Windows 10 Anniversary Update SDK and Emulator
The Windows SDK and Windows Phone emulator for the Windows 10 Anniversary Update are included in this release.
- UI Elements created from the Toolbox will now be created with fewer XAML Tags, resulting in cleaner, more readable XAML.
- A new options tool on the XAML Designer allows the developer to select the UI theme and High Contrast settings to be previewed on the design surface.
- The value editors in the Properties window now accept simple mathematical equations, such as "60+20". The equations will be immediately evaluated (in this case, 80) and their resulting value put into the XAML.
Manifest Designer Capability for Creating Visual Assets
The Manifest Designer (Figure 45) has undergone a visual refresh, and now has the added capability of generating visual assets for your UWP apps. You can now use a single source image to create tiles, logos, icons, and splash screens at any or all scales to fit every type of device your app targets.
The Universal Windows platform tooling now has the ability to detect common accessibility and performance related issues. By enabling the "UI Analysis" tool in the Select Tools menu of the Diagnostic Tools window, these issues will be reported along with links to helpful articles explaining how and why the issues should be addressed. Developing with UI Analysis enabled brings UI performance and accessibility to the forefront of your application development.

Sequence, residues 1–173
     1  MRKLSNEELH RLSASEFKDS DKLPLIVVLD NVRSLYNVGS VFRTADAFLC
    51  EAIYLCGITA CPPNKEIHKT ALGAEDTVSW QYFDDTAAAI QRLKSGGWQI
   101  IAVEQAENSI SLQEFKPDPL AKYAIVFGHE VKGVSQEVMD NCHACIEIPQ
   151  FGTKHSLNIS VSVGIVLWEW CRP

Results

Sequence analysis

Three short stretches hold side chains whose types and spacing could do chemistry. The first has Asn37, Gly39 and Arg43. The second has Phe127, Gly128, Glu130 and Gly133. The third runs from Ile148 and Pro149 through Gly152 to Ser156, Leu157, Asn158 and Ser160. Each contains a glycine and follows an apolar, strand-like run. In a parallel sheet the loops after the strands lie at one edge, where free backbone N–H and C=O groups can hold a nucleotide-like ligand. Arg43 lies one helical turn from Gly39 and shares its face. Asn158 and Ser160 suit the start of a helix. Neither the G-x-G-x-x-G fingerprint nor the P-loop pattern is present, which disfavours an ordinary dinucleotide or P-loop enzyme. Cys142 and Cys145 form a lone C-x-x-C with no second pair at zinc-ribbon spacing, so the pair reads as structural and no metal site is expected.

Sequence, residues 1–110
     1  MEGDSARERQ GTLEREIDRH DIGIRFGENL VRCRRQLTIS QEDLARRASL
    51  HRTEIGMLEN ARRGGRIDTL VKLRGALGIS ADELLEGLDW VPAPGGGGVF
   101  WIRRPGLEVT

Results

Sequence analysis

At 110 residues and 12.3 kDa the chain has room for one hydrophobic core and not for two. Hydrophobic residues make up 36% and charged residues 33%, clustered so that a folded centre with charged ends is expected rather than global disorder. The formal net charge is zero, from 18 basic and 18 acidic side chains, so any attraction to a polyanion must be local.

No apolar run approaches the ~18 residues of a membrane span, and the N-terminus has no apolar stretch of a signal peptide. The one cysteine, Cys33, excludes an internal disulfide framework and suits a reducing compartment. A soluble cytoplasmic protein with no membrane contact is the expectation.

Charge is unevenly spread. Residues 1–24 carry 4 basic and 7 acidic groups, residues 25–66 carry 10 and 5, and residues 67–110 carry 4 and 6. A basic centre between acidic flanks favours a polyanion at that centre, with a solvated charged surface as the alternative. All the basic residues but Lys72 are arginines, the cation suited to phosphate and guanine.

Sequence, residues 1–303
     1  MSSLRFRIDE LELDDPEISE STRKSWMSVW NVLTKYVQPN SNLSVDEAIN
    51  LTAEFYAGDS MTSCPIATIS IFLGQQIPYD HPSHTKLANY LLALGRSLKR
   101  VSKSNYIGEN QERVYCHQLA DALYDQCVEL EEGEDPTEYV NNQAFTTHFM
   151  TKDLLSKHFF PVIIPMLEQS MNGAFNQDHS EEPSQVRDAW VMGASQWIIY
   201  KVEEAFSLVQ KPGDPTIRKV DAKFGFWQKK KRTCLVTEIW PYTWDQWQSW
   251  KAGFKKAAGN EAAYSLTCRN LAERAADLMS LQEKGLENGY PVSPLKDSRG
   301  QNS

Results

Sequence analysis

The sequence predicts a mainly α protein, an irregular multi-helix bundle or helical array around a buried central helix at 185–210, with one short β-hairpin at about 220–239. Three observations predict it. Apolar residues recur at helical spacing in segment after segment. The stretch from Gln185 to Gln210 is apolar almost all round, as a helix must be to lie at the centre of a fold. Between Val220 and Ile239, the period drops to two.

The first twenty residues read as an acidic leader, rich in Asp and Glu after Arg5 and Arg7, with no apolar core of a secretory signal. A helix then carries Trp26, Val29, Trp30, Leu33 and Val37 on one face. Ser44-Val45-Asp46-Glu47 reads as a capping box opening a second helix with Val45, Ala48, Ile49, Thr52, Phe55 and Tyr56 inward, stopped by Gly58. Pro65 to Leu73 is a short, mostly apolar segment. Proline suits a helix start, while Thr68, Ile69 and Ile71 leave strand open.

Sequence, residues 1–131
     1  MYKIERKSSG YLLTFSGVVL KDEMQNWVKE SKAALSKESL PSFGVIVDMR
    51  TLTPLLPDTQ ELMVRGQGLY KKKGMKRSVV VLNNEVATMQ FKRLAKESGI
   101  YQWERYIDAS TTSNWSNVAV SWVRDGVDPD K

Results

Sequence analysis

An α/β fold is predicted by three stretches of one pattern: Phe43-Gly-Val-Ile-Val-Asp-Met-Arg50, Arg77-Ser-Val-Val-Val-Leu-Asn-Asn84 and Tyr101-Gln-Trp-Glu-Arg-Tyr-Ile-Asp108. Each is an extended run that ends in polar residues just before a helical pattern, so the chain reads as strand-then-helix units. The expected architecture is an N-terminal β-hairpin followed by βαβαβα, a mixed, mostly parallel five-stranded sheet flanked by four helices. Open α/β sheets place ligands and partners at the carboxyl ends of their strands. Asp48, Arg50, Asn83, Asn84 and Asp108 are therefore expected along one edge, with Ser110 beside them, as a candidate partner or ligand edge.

Xamarin 4.4 is included in Visual Studio 2017. For more information, see the Xamarin release notes.
This release includes the following fixes:
- iOS Extension apps fail to build with error "cannot read Entitlements data".(18.104.22.168)
- Includes symbols for Watson reports.(22.214.171.124)
- Android deployment fails if solution also contains a Wix project.(126.96.36.199)
- Deadlock opening some iOS projects.(188.8.131.52)
- Breakpoints won't hit on second-level PCL references.(184.108.40.206)
- Fixes iOS issue due to missing CodeSignNativeLibraries task.(220.127.116.11)
- Error opening storyboard after connecting to Mac server.(18.104.22.168)
- Android class library project should only include "Compile using Android Version" on Property page.(22.214.171.124)
- Visual Studio hangs when going to the "Tools->Options->Xamarin->Other" tab.(126.96.36.199)
- Visual Studio hangs loading a cross-platform solution in some environments.(188.8.131.52)
- Microsoft.Csharp not referenced in VS Project Templates.(184.108.40.206)